Registered Ohio voters who end up in jail the weekend before the election should be allowed to cast an absentee ballot, a federal judge ruled yesterday. U.S. District Court Judge S. Arthur Spiegel decided in a lawsuit filed by the Ohio Justice & Policy Center that he saw “no value in taking away this fundamental right, even for a short period of time.” Spiegel said since people who could afford to post bail could get out of jail and vote, preventing those who could not afford to post bail from voting poses an “unconstitutional wealth-based voting restriction.” Attorneys for the center said at least 400 people who were eligible were unable to vote in 2012 because they were in jail the weekend before the election.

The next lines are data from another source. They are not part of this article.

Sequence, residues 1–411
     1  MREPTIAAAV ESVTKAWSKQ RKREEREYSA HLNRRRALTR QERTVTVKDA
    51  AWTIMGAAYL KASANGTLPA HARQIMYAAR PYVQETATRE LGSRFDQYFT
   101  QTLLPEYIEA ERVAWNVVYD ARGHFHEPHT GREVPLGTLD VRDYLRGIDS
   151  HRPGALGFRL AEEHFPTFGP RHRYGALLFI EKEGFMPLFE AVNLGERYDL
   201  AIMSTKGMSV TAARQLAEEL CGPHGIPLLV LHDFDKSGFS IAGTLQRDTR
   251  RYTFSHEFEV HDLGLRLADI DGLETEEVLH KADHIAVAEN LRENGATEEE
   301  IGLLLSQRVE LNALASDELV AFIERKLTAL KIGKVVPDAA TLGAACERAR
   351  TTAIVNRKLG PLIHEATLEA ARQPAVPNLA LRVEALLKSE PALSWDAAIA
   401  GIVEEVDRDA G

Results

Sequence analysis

“The right to vote is one of the most fundamental and cherished rights in a free and democratic society,” David Singleton, executive director of the center, said in a statement. “ People arrested the weekend before the election are presumed to be innocent. If they are registered and otherwise qualified to participate in the process, voting is still their right.”
The judge sided with Singleton’s argument that since the state makes special provision for voters hospitalized before an election, the same thing should be done for people who go to jail during that same time frame.